History of Trolleys in Galveston
Rosenberg Treasure of the Month
During the month of August, the Rosenberg Library will display trolley memorabilia, including, among many things, a replica of the Galveston Flyer trolley, and coins from the Galveston Electric company.
|The Galveston Flyer Houston Rocket is a model replica of the train that made the journey from Houston to Galveston and back again, across the Galveston Causeway.||Courtesy of the Rosenberg Library and Museum|
Galveston’s streetcars appeared as an early form of public transportation in 1866 as a mule drawn car going back and forth along Market Street. The last of the mule driven carts were repurposed or disassembled shortly after the 1900 Storm, though some accounts claim to have seen the last ones in use sometime between 1904 and 1919. Around that same time, Galveston Electric purchased a total of 103 electric streetcars for public transportation. These trolleys ran by using electricity from cables lines that ran overhead. The Galveston Flyer model streetcar also emerged, which ran between Houston and Galveston from 1911 to 1936. Owned by the Galveston-Houston Electric Railway Company, they advertised four departures from Houston and three from Galveston every Sunday, offering various deals to encourage more use. These offers increased the number of visible visitors to the island until the late 1930s.
|A black and white photo of Market Street in the Historic Downtown Galveston from 1894 featuring the trolley tracks.||Photo taken by H.H. Morris. Courtesy of the Rosenberg Library and Museum|
|The “Galveston Electric Co.” coins, with a cutout of the letter “G” were “Good For One Fare Full” in use/production in the 1930s.||Courtesy of the Rosenberg Library and Museum|
For several decades after, the island’s trolley system went without use, but a movement in the 70’s brought interest back. A push to revitalize and improve Galveston as a tourist destination began a successful campaign in the 1970s-80s. Many attractions came out of that push, such as the Strand, the Elissa, the Railroad Museum and Sea-Arama Marineworld. But among these, the return of the trolley caused some of the most engagement from the public.
|Don’t Derail The Trolley – Vote No! Pin from the Saturday, July 11, 1987 Galveston Election. These pins and stickers were handed out by the Friends of the Trolley group.||Courtesy of the Rosenberg Library and Museum|
Numerous opinion pieces were submitted to the Galveston Daily News in favor of the trolley’s return, with belief from local residents and business owners that it would bring many benefits to the island. A few examples of these dated from January 15, 1987 included a small business owner who longed for a rise in the number of tourists visiting the island, a teacher who wanted to educate people about how the tourist related business taxes funded the school district, and a staff member for the San Luis Hotel who was excited for the Federal Grant and the benefits that the island would undoubtedly see.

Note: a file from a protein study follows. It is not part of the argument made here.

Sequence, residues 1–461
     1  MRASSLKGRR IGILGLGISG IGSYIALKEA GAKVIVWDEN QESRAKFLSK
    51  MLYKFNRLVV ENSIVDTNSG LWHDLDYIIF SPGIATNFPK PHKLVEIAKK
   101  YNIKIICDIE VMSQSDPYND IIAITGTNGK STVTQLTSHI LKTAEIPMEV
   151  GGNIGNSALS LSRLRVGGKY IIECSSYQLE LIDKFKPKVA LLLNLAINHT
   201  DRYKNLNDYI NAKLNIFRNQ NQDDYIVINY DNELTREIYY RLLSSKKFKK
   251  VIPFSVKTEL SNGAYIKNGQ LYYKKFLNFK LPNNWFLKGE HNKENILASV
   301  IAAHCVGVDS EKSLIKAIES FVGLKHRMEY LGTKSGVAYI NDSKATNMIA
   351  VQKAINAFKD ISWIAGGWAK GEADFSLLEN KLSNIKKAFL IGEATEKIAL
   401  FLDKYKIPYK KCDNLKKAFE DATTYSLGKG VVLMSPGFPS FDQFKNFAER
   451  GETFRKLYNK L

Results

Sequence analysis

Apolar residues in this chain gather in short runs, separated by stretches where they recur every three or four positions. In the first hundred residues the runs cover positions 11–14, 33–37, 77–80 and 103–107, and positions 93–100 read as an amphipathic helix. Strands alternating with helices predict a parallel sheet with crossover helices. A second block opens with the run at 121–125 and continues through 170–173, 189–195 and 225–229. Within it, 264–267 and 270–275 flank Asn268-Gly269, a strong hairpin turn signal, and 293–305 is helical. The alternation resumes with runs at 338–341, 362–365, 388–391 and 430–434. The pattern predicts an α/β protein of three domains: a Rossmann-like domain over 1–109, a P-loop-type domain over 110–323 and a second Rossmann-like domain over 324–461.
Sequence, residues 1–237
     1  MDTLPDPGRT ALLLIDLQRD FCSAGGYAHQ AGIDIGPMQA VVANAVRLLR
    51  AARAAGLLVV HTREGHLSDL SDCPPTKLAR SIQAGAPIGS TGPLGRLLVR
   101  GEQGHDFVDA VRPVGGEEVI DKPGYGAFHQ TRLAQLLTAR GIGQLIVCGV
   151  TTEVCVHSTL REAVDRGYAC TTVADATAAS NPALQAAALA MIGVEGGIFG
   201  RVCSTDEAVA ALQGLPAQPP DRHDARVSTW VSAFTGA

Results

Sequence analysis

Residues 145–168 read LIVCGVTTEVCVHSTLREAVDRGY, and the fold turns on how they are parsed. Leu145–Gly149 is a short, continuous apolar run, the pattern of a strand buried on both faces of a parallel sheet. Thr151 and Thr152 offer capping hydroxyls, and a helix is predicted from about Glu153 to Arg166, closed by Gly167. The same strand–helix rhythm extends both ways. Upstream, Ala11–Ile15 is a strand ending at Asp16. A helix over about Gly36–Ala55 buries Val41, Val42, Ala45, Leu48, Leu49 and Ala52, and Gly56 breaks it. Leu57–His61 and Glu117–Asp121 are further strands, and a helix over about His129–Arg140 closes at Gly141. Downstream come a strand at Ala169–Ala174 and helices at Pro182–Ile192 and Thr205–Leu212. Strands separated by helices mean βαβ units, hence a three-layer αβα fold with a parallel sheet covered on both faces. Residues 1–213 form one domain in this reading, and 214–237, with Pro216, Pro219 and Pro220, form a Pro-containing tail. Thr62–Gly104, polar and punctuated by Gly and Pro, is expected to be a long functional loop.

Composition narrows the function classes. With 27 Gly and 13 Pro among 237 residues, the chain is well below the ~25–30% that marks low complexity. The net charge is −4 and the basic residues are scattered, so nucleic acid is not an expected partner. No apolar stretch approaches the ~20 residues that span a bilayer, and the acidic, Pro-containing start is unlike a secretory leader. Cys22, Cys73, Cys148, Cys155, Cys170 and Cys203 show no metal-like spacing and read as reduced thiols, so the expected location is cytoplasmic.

|The Miner Railroad Services, Inc, now Kasgro Rail Corporation, is the company that constructed the trolleys that we see in Galveston today and manufactures repair parts. The completed plans for the Galveston cars were transferred in the change of ownership, to this New Castle, Pennsylvania based company.||Courtesy of the Rosenberg Library and Museum|
Though people were in favor of the return of the trolley, it wasn’t without costs. While the trolleys would bring in significant revenue by taking tourists to new attractions, it would also cost significant funding to create the rail lines leading to those attractions. The issue became such a matter of public opinion and debate, that in 1987, Galveston’s first female Mayor Jan Coggeshall and four of her city council members were subject to a recall election. Originally, Coggeshall, inherited the trolley project reconstruction in 1984 when she was chosen by voters following the death of the previous mayor, Gus Manuel. But conflict of public opinion over the trolley rose as some favored the construction, while others were frustrated that the ambitious project was underway while areas of the island were in disrepair. Had Mayor Coggeshall and the city council members been recalled in this election, it is likely that the trolley route still would have been completed, but not without significant delays. They survived the recall however, and the trolley line was officially opened in 1988. The line expanded twice after that to include routes downtown and to the University of Texas Medical Branch campus.
In 2008, the trolley system suffered a major blow as Hurricane Ike damaged all four of the vintage trolleys. After delays and repairs out of state, the Galveston Island Trolley officially returned in 2021. Unlike the trolleys of the past, today’s “trolleys” are technically streetcars, since they no longer draw electric power from overhead cables. Rubber Wheel “trolleys” designed with the same vintage exterior can also be seen traveling the same historic lines as the streetcars, allowing more visitors the chance to enjoy the route. Despite these differences, the trolley route successfully serves as both a tourist attraction and convenient method of transportation, just as they were in the past.
The Treasure of the Month is located on the library’s historic second floor near the East Entrance. It can be viewed during regular library hours, 9:00 a.m. to 5:45 p.m. Monday through Saturday and from 9:00 a.m. – 8:45 p.m. on Tuesdays and Thursdays. For more information, please contact Ivy Albright, Museum Curator at 409.763.8854 Ext. 125 or at email@example.com.